RYANAIR has apologised after a spokesperson made ‘inappropriate’ remarks suggesting charges at Cork Airport should be made an election issue.
The airline issued the statement this evening, saying it did not have a problem with the current fee levels at Cork Airport, where it currently operates 19 summer and six winter routes.
It added that the airline did not think it was appropriate for airport charges to be made an election issue.
Ryanair issued the statement following comments made by its Head of Communications to Independent Travel.
"If the high charges come down, we’ll be happy to go there," Robin Kiely, the airline's Head of Communications, earlier told Independent Travel.
"But it’s too expensive... People should be getting on to local politicians who are looking for their vote to make Cork Airport a General Election issue."
Cork Airport's passenger numbers have fallen by 35pc since 2008, but it remains Ireland's second-busiest airport and recently announced three new routes - CityJet to London, Flybe to Cardiff, and Aer Lingus to Dusseldorf (from May 2016).
These, together with capacity increases on existing routes, will return it to traffic growth "from next month", said its Head of Communications, Kevin Cullinane.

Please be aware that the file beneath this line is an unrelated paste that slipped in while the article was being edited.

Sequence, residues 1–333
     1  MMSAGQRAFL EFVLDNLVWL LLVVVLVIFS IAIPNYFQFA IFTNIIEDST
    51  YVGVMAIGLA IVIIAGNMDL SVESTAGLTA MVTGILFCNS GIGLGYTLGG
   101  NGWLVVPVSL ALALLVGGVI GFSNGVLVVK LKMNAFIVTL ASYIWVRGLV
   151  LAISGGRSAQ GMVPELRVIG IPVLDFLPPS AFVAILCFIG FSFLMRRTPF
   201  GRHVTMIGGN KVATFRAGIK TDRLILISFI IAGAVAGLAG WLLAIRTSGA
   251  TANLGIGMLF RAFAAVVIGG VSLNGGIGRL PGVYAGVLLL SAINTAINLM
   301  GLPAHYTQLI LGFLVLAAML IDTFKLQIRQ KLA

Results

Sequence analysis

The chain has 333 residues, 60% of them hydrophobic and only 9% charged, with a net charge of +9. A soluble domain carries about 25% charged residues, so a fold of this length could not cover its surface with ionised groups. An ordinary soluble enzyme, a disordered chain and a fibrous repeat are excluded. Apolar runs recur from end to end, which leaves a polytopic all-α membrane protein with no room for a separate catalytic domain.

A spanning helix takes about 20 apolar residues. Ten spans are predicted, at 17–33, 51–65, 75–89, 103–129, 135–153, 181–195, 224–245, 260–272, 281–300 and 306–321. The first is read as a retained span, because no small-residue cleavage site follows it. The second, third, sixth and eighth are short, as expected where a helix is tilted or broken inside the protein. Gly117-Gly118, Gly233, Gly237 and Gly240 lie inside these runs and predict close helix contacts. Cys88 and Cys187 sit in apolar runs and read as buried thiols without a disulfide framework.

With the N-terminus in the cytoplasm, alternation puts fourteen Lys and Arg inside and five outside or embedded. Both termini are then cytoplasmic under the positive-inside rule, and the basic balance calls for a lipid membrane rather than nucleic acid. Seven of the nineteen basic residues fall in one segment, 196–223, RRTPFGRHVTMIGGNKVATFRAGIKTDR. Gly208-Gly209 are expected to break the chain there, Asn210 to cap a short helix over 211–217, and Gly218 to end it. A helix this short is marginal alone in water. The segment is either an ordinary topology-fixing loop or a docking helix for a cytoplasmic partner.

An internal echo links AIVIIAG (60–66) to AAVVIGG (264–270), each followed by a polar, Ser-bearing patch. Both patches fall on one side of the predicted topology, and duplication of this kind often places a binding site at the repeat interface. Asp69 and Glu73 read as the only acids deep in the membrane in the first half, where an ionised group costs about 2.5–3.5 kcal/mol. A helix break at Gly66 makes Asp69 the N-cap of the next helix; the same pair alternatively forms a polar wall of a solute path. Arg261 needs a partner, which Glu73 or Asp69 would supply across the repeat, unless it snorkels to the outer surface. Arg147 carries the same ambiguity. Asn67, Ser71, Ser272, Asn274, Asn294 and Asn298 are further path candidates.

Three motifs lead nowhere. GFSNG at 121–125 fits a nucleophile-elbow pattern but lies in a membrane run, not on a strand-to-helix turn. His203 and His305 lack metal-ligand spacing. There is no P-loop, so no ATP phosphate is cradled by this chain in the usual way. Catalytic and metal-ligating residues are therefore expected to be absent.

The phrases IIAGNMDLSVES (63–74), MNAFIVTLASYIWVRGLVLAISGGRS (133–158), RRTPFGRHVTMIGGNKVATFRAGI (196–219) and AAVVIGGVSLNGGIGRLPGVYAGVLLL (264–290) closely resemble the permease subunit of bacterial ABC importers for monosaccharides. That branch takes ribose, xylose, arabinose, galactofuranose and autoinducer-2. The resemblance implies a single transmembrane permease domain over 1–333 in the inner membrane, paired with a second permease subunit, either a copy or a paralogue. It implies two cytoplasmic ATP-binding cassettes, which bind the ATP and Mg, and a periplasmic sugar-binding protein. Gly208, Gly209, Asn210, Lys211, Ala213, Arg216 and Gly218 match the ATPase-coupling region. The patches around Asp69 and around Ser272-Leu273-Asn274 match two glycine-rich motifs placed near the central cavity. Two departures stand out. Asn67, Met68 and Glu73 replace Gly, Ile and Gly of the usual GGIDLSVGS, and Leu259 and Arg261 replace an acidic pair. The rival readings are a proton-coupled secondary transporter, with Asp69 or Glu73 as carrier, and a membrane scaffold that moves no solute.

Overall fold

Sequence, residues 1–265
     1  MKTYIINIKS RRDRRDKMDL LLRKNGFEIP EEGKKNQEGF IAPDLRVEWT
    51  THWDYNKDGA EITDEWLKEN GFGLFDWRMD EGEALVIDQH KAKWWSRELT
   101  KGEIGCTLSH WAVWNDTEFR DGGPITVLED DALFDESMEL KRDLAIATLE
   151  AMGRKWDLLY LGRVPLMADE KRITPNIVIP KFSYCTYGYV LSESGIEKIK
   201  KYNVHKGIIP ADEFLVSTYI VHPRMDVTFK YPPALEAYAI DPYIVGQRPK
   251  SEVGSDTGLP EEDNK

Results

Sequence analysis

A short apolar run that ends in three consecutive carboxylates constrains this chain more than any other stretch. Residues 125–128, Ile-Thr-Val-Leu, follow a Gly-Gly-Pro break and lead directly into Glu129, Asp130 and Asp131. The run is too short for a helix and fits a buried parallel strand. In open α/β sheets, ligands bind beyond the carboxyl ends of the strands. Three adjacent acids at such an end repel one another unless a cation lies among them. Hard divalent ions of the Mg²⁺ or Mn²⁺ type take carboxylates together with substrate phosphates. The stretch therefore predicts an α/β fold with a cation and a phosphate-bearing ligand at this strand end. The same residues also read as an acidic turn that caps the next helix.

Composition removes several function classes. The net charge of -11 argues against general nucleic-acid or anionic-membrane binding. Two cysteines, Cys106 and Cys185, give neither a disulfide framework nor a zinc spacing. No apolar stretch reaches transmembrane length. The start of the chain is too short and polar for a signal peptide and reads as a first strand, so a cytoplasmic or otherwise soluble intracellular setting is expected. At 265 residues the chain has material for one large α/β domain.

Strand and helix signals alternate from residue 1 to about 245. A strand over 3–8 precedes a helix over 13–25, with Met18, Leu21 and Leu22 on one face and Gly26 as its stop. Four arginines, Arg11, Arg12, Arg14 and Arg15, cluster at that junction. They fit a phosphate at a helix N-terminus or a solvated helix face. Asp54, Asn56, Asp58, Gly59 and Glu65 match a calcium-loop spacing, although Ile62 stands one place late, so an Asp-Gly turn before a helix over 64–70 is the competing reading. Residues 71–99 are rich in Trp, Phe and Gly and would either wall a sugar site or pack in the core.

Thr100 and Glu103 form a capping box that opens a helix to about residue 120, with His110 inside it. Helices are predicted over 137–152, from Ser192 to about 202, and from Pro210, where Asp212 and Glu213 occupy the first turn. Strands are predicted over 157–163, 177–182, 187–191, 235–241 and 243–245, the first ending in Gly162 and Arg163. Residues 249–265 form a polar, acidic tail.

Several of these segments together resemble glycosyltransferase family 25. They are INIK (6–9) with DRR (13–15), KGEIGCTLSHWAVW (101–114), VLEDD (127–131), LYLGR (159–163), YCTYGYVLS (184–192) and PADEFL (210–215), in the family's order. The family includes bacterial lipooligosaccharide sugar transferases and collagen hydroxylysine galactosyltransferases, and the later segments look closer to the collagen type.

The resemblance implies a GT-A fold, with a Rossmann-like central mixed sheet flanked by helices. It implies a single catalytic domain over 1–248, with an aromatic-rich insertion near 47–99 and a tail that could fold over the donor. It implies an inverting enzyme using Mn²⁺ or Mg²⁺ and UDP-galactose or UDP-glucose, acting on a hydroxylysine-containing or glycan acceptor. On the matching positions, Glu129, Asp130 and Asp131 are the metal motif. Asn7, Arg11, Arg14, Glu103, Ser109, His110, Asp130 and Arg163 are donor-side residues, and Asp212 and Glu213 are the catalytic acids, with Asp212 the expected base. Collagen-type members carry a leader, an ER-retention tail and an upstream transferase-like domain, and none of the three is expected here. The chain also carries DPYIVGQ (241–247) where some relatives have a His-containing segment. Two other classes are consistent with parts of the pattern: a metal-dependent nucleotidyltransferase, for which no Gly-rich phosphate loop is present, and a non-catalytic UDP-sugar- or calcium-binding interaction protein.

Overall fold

"I would like to dispel any myth that Cork Airport is expensive. Our airport charges are 17pc cheaper than Dublin Airport and an average of 8pc cheaper than our European peers."
The airport has "a good working relationship" with Ryanair, he added.
Kiely maintained that Cork's "expensive" charges were being leveraged to service debt on a €120 million terminal built several years ago.
However the airport refuted this, saying the debt is being serviced by daa, and that it doesn't affect day-to-day operations or passenger charges.
In a statement tonight, Ryanair said that charges at Cork Airport are a matter of continuing negotiation between the airline and daa, which owns and operates the airport.
The airline “wishes to withdraw and apologise for these inappropriate remarks made by its spokesperson today,” it concluded.
NB. This story has been amended to reflect developments.